Miriam Margolyes of 'Harry Potter' Lends Her Voice to Save the "Tree of Music" (Exclusive)
Miriam Margolyes, the iconic actress who portrayed Professor Sprout in the 'Harry Potter' films, narrated a campaign to protect the endangered tree species used to make violin bows.
At Hogwarts School of Witchcraft and Wizardry, there’s no question as to who was the magical school’s foremost plant expert: Herbology Professor Pomona Sprout. (Sorry, Neville.) And as it turns out, the iconic British-Australian actress who portrayed Professor Sprout, Miriam Margolyes, is pretty passionate about protecting plants as well.
In fact, Margolyes recently partnered with Regenerative Agroforestry Impact Network (RAIN)’s Trees of Music campaign (ToM) to bring attention to one plant in particular (no, not Mandrakes): the pernambuco, aka the brazilwood tree, or the Paubrasilia echinata — the tree that gave its name to Brazil, where the species is most abundant.
For hundreds of years, wood from the brazilwood tree has been used to make bows for violins and other musical instruments, leading many to call the species “the tree of music.” However, years of illegal logging of the pernambuco prompted Brazilian officials to list the tree as endangered in 2007.
In an effort to help save the brazilwood tree and protect its habitat in Brazilian forests, Margolyes, who has a long history of activism (and always saying what’s on her mind, as evidenced in her recent memoir), narrated a powerful video on the topic. The video also features singer Mestre Poa (leader of the Noke Koi Indigenous Nation), the London Mozart Players, and Orchestra for the Earth, who all gathered to play a traditional Indigenous people’s song about the Amazon's rubber boom of the 19th century, arranged by Misha Mullov-Abbado.
According to Danny Diskin, founder and director of RAIN, the Trees of Music campaign is raising money to plant 50,000 pernambuco trees in Brazil’s Atlantic Forest, which will positively impact the pernambuco species, the soil, water sources, the Indigenous people of Acre, local farmers, and the classical music community.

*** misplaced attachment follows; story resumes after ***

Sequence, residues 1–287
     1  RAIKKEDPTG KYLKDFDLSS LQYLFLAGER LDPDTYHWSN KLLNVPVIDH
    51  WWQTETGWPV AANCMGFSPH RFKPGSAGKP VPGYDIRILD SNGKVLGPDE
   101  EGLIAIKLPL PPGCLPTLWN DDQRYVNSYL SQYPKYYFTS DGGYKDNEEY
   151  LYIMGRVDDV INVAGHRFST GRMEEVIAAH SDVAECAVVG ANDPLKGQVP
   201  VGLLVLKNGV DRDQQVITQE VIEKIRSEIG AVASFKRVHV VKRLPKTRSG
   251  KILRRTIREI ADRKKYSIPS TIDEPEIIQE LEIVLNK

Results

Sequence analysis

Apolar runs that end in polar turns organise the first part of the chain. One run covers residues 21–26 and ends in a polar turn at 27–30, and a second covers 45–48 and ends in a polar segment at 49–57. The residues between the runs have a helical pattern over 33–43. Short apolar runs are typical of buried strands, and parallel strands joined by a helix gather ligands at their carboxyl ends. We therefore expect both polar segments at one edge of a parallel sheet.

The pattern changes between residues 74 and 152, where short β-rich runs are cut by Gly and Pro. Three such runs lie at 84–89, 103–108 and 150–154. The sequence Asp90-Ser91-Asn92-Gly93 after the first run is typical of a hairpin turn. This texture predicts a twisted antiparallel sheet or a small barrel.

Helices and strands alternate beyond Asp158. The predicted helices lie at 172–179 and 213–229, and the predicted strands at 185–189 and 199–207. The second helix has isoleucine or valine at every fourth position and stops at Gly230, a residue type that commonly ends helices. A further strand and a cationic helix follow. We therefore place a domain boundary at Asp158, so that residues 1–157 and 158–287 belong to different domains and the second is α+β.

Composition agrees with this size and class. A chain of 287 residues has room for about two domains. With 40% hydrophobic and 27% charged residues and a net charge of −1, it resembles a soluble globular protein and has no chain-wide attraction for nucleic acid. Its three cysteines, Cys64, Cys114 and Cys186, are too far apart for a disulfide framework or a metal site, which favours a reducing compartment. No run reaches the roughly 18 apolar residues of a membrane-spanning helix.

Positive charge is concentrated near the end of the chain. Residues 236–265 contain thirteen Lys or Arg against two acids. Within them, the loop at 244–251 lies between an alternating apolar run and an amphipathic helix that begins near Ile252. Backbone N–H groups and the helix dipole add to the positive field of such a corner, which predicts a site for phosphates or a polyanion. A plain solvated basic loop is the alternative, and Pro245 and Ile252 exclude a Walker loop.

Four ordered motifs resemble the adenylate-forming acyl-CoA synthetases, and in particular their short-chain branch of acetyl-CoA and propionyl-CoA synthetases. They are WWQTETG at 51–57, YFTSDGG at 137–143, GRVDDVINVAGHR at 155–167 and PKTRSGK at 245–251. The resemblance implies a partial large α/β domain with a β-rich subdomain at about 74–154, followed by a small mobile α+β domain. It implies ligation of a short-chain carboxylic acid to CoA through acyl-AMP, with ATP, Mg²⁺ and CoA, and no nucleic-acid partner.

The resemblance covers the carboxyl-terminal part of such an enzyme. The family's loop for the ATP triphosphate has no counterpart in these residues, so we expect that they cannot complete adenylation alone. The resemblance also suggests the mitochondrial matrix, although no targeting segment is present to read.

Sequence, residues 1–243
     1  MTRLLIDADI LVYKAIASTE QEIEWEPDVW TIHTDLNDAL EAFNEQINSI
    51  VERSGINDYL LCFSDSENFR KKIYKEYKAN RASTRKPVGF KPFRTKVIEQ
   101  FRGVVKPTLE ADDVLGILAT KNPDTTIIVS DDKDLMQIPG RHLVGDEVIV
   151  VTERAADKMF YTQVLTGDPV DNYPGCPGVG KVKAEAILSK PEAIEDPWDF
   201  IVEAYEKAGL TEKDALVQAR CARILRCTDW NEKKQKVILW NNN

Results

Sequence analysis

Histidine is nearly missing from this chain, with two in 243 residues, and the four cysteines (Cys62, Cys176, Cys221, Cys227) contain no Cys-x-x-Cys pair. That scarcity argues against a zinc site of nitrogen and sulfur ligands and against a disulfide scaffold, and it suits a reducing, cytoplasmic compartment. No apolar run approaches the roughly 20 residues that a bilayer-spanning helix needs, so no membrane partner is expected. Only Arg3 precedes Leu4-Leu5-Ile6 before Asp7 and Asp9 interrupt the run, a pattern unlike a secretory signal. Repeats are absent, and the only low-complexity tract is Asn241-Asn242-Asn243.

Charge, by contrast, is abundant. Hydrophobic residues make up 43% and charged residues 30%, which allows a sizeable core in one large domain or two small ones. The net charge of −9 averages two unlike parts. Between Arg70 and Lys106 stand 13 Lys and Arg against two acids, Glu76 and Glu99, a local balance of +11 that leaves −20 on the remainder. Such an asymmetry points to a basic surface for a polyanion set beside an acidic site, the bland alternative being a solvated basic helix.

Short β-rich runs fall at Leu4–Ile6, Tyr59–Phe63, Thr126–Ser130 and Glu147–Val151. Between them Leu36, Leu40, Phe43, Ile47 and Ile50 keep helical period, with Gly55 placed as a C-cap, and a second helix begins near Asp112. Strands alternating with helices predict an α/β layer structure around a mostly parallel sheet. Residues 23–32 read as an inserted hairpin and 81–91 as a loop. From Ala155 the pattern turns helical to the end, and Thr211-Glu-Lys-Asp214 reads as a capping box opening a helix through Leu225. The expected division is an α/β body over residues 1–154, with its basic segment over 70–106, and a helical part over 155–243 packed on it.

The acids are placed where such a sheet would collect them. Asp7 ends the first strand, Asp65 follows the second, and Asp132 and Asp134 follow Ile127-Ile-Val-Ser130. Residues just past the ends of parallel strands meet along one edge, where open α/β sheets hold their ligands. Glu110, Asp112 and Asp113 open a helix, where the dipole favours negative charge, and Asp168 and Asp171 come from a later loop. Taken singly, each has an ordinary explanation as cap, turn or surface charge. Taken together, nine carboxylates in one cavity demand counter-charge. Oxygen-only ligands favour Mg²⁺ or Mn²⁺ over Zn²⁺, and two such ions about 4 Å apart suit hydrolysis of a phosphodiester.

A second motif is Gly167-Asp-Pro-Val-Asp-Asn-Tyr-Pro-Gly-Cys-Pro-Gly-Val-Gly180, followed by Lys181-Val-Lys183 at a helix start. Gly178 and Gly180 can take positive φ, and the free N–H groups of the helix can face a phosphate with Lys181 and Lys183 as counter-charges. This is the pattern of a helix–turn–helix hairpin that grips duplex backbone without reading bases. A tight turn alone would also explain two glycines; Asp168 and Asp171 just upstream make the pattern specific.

Green Matters and Diskin recently had the chance to interview Margolyes for our Green Routine series about the campaign to save the brazilwood tree. The Harry Potter and The Age of Innocence actress told us about how she makes an effort to live more sustainably, the responsibility of people in the entertainment industry, and her newfound passion for violin music. Dumbledore put it best when he said: “Ah, music … A magic beyond all we do here!”
This interview has been edited and condensed for clarity.
GREEN MATTERS and DANNY DISKIN: Why did you choose to lend your voice to this campaign and the cause of the pernambuco tree?
MIRIAM MARGOLYES: I’m worried about what is happening to the forests, how we’re losing trees. RAIN is focusing on issues I care about.
GM and DD: Why do you care about protecting endangered plants such as the pernambuco tree, as well as the environment in general?
MM: As guardians of the Earth, I feel we should care about it and hand it on to the next generation so they too can enjoy the trees, flowers, birds and so on. So, I really want to try to preserve the planet and pay attention to it.
Violin bows are made from the pernambuco tree, which is under threat in Brazil. I love violin music, and I want everyone to enjoy violin music, so we need to keep this tree alive and flourishing. It is unbearable to think that we could lose the sound of the violin as we know it as a result of our carelessness towards the environment. There is no reason for it other than greed, through logging and destroying land. There is no excuse, in my opinion, and I think that music lovers need to understand how they can help restore the pernambuco forests, rather than be part of the problem.